Tuesday, July 1, 2008

Secret allegiance to the flag

Many Germans, it is safe to say, have a bit of a complex when it comes to patriotism. It seems they have a real or imparted instinct to self-censor any feelings of pride for country, to carefully exercise emotional restraint. International sports competitions, therefore, are a welcome relief, a time when it is okay to put out flags, wish for victory, have some pride. At a viewing of the Germany-Spain game on Sunday night, this pride was cheerfully on display. Even those without jerseys or flags managed to find something that approximated some combination or red, gold, and black.

As we walked around the beer garden, my observations about German patriotism soon became observations about US patriotism, which, shortly after that, became observations about myself: the inevitable progression. I'm not sure, but I think that most Americans would still have a special response to these flag uses (or abuses, as I teased my German friends). I myself am not a particularly patriotic person, but I found myself obsessively chronicling flag etiquette violations like some freak patriot.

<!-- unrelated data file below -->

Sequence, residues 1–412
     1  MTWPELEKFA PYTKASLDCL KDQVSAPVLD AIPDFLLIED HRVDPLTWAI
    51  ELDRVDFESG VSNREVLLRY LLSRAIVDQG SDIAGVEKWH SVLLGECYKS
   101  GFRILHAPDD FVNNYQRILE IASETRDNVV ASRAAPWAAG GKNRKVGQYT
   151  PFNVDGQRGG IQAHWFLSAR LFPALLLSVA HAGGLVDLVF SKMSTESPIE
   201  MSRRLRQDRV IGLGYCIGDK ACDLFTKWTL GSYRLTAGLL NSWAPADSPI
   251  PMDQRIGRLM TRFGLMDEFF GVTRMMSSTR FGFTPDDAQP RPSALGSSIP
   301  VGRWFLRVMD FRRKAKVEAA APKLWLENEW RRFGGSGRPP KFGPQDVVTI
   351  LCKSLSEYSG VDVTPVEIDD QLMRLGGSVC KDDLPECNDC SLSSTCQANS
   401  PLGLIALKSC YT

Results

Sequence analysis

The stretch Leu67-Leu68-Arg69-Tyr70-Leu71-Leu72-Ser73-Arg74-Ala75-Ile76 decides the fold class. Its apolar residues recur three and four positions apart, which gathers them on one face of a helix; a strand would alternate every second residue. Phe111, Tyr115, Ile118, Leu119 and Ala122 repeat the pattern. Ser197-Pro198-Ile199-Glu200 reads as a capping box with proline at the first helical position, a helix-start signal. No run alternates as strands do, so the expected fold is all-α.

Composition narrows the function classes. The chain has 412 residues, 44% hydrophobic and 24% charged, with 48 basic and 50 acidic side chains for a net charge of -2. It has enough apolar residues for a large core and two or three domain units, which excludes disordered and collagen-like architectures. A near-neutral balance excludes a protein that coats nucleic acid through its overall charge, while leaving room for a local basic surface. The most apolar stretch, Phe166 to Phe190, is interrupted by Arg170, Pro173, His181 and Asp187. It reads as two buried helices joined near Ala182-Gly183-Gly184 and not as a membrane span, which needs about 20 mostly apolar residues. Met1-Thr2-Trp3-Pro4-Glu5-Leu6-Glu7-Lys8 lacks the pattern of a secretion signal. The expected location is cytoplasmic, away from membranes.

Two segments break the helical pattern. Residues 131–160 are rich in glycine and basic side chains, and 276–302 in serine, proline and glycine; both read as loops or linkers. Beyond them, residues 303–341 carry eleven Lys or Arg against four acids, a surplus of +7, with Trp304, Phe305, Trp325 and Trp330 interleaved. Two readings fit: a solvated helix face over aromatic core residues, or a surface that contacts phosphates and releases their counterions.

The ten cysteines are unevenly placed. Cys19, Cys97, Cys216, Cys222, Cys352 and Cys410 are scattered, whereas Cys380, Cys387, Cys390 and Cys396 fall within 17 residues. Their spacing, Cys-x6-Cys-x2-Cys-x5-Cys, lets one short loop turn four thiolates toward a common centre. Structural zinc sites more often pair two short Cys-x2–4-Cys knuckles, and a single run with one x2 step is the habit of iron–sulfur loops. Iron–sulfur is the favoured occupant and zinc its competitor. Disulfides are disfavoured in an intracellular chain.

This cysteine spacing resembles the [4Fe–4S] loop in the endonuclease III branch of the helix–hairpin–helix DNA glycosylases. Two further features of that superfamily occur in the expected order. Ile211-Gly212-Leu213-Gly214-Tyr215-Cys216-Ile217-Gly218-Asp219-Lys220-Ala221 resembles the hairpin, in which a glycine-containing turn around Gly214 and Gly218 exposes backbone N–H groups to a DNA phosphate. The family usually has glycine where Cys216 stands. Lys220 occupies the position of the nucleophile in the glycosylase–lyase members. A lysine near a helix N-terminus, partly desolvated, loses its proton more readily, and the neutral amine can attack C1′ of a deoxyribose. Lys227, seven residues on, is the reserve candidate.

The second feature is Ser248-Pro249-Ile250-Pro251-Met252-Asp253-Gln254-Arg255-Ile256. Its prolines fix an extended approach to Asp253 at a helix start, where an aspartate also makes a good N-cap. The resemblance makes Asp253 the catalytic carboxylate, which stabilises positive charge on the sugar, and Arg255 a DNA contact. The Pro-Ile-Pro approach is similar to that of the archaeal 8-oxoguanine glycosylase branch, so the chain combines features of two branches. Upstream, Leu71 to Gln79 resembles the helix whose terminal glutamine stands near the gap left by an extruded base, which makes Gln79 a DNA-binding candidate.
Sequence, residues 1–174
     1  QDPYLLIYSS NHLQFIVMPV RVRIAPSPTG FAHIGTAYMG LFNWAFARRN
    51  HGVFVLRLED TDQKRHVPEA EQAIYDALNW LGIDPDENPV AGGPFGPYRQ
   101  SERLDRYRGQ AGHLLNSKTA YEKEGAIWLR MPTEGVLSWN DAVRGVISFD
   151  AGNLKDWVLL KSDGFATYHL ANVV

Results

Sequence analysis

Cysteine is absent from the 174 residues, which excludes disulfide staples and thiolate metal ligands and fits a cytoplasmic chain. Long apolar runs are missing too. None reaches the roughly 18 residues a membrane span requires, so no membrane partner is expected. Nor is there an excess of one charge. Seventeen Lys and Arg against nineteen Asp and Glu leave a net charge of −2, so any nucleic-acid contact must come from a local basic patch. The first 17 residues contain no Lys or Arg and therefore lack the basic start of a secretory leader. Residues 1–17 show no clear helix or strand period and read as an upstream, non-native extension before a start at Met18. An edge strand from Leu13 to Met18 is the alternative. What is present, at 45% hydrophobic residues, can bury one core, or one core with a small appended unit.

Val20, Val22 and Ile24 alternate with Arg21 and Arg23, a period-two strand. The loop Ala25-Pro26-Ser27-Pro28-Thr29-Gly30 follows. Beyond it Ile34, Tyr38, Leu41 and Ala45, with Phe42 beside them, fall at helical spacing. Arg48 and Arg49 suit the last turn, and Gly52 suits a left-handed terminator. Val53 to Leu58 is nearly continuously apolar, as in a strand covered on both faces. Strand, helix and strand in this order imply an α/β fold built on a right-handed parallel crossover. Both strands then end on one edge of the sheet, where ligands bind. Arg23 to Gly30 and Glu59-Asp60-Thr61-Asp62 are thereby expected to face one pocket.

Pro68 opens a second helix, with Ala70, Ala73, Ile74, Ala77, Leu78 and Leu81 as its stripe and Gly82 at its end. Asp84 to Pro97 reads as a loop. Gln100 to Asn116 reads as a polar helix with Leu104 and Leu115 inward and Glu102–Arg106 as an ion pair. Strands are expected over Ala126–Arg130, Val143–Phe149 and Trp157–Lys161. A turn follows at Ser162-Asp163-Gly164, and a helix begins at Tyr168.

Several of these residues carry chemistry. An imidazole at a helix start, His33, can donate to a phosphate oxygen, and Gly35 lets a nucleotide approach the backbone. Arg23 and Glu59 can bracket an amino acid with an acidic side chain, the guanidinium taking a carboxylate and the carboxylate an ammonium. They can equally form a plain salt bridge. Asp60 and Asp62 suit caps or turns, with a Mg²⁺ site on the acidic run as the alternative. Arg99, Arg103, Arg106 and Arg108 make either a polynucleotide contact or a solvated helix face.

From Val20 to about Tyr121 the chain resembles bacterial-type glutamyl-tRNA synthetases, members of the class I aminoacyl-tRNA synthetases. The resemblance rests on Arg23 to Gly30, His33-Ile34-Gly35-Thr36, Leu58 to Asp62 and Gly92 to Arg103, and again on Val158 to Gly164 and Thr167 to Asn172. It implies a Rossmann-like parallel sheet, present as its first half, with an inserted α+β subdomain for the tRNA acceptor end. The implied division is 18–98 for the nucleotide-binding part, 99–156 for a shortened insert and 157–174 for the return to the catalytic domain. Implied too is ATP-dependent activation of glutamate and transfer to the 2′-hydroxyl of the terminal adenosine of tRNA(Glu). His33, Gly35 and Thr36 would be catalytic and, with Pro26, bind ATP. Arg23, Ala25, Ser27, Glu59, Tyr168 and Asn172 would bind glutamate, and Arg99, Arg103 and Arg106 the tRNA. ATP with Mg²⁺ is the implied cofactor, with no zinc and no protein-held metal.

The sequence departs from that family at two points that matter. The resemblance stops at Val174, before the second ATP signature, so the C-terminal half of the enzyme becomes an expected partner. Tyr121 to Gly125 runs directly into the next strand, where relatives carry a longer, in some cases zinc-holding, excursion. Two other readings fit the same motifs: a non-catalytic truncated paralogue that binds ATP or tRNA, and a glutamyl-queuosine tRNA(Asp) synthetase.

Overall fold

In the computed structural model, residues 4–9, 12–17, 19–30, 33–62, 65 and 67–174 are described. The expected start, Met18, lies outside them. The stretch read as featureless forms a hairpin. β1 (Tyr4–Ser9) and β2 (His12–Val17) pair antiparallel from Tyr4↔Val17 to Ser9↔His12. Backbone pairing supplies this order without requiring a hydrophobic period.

For many Americans the flag is a sacred symbol in the religion of patriotism. I'm not really sure what this piece of fabric means to me – patriotism is certainly not my religion – but I have the same ambivalent feelings about it that I do about using proper grammar and wearing formal clothing – that somehow it is both silly and important, outdated and useful, ingrained in me and a choice. (ahh... Germans are not the only ones with a complex.)

As I realized during a conversation with friends about taxes and healthcare this spring, we cannot really live modern, integrated lives outside of a country; wherever we are, we are stuck behind a border, a flag above us. For better or worse. So the question is: Do you have a flag?

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